You may well be able to paddle close to and along the shoreline in relative safety but always stay on the side of caution. If in doubt, don't go out.
The Tides, Tidal Currents and River Flow
Paddling along a river is an enriching experience. The diversity you can see along a riverbank is incredible, from small to large rivers you can experience lots of different scenery and wildlife. A river's flow can cause paddlers many problems, especially when it travels through lots of changing environments. Whilst a river may appear to be slow-moving in one area, it can quickly change as the landscape and river bed alters, and with no warning, you could find yourself in fast-flowing water.
Different rivers will also behave differently to rainfall and river levels, so getting to know your local waterway throughout the seasons is a must. Speaking to local business or water sports clubs along your stretch of the river is a great way to gain first-hand knowledge of suitable conditions for you. There are also monitoring stations recording river levels and flow, which you should check before heading out. The Shoothill Gauge map is an excellent tool to use.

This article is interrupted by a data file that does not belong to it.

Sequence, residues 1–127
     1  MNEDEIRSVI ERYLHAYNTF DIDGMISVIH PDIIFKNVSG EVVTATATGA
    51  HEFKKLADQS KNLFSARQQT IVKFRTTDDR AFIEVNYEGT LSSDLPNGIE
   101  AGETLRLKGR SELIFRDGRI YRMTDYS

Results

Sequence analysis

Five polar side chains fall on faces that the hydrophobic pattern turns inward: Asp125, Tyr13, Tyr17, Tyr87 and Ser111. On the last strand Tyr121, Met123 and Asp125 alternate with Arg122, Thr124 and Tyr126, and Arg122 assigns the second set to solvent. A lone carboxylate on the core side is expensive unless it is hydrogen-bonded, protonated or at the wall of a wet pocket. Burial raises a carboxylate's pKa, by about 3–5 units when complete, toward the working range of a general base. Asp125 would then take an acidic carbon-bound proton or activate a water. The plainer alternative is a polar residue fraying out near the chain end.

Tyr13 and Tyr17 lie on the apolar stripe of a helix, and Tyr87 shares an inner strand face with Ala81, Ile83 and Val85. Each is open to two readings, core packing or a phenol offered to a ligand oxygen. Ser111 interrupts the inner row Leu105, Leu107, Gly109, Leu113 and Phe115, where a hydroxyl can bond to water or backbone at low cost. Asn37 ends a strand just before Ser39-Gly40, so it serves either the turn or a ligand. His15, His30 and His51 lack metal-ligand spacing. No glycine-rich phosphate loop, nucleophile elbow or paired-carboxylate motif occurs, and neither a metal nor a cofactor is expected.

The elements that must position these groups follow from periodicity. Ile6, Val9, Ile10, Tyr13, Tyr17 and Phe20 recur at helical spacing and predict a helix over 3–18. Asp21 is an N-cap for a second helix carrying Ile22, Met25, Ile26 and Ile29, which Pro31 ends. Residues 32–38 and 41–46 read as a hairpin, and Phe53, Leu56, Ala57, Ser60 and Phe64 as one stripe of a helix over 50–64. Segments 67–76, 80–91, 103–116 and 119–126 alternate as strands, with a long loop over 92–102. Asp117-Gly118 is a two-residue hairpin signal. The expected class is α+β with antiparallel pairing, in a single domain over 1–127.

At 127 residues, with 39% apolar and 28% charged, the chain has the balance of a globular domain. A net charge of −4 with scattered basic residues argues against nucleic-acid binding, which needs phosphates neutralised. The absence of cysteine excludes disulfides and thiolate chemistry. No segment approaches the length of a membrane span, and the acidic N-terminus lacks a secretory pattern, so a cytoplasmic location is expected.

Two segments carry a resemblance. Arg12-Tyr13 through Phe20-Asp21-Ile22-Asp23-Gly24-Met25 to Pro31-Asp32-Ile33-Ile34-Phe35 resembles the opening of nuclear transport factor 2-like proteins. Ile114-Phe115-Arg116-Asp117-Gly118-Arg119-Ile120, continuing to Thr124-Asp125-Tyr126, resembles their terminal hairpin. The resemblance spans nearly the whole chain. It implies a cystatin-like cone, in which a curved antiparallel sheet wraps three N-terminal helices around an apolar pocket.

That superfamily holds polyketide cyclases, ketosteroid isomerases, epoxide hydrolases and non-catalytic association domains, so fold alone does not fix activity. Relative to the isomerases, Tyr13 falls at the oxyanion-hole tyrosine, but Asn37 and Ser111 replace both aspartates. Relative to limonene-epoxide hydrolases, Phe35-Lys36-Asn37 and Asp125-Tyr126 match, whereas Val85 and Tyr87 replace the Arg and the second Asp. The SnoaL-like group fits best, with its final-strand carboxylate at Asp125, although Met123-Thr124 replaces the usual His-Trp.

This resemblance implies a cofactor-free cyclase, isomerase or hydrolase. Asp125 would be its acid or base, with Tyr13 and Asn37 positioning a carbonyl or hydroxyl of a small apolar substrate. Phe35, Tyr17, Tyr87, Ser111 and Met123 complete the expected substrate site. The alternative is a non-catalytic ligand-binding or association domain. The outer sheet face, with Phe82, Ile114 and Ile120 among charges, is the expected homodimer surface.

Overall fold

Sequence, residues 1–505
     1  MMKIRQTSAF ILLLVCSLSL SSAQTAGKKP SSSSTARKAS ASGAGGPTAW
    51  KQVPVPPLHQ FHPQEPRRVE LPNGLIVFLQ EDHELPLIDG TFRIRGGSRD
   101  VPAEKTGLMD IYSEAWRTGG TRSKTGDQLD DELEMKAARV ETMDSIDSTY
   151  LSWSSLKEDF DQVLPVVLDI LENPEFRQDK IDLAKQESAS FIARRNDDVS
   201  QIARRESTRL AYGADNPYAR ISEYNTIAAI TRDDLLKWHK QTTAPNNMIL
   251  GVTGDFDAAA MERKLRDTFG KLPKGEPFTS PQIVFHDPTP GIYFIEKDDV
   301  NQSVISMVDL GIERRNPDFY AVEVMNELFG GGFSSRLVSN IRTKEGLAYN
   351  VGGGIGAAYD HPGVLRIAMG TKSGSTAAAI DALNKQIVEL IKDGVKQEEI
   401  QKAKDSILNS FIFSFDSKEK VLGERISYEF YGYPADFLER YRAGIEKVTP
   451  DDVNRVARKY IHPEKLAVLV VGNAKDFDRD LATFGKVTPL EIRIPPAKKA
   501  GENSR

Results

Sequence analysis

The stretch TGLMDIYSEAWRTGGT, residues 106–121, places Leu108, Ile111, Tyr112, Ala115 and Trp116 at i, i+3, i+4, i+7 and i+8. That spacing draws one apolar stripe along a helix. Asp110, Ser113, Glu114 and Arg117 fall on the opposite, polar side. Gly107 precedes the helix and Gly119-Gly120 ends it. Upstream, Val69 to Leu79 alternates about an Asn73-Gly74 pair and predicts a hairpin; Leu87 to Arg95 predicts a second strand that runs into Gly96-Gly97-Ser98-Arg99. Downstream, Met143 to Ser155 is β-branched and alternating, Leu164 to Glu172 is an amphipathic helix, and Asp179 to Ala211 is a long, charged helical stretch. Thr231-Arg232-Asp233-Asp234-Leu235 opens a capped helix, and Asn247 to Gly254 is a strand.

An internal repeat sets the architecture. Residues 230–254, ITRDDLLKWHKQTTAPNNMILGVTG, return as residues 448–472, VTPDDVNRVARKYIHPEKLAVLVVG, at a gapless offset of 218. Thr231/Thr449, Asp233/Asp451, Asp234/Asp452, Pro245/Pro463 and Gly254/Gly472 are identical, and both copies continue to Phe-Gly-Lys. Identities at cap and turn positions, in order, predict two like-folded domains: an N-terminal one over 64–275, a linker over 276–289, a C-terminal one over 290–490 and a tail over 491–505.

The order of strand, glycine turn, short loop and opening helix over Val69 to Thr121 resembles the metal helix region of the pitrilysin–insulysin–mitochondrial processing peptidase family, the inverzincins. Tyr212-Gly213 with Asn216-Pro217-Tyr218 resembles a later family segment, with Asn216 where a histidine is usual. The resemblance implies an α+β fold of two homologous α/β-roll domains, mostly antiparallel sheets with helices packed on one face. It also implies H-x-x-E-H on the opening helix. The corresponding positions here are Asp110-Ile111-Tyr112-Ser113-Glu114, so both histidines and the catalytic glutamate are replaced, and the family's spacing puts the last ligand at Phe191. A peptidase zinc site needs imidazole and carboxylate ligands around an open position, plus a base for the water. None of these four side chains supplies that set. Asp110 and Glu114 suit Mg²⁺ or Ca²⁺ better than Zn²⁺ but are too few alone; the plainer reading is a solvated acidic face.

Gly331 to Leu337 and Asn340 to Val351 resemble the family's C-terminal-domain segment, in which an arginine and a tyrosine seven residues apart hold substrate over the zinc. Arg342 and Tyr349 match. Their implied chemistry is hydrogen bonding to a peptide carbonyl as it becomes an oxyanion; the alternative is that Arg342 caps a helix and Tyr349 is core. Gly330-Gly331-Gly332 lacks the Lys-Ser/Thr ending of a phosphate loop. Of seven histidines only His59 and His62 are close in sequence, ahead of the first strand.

For major rivers where boating navigation is possible, you can also follow the stream warnings and associated boards. As a general rule, avoid paddling on Yellow increasing river flow and Red boards and always check with your local agency for updates to conditions. Here is an example of a monitoring station at Allington Lock on the River Medway.
Tides and Tidal Flows
Whilst we often think about tides just coming in and out during their daily cycle, they can also behave unpredictably through the influence of the local land, weather conditions and even through themselves at different tide stages. There can be currents flowing in unexpected directions, waves seemingly appearing out of nowhere and exposed objects where even half an hour ago there was no sign of them.
It is essential, therefore, to understand how different locations behave when dealing with tides. In some places where there are narrow passages, such as around the Isle of Wight, you can see a double high tide and The Menai Straits between Anglesey and mainland Wales; this experiences powerful tidal flows running in both directions.
In areas of strong tidal flow, it's always wise to keep well away from any stationary objects such as mooring posts, buoys and piers. As the flow runs past these objects, the current can be accelerated or swirl, putting you at risk of being knocked off your board. This is particularly relevant if you are out during the midpoint of a tides cycle. A tides cycle is over a roughly 6hr period from low to high tide and vice-versa. During the 3rd and 4th hours of that cycle, the flow will be strongest and create the most risks around objects.
Windy is a great tool for checking coastal tidal flows with various options to look at the main tides and local effects. www.windy.com
What to do if you get into trouble in strong currents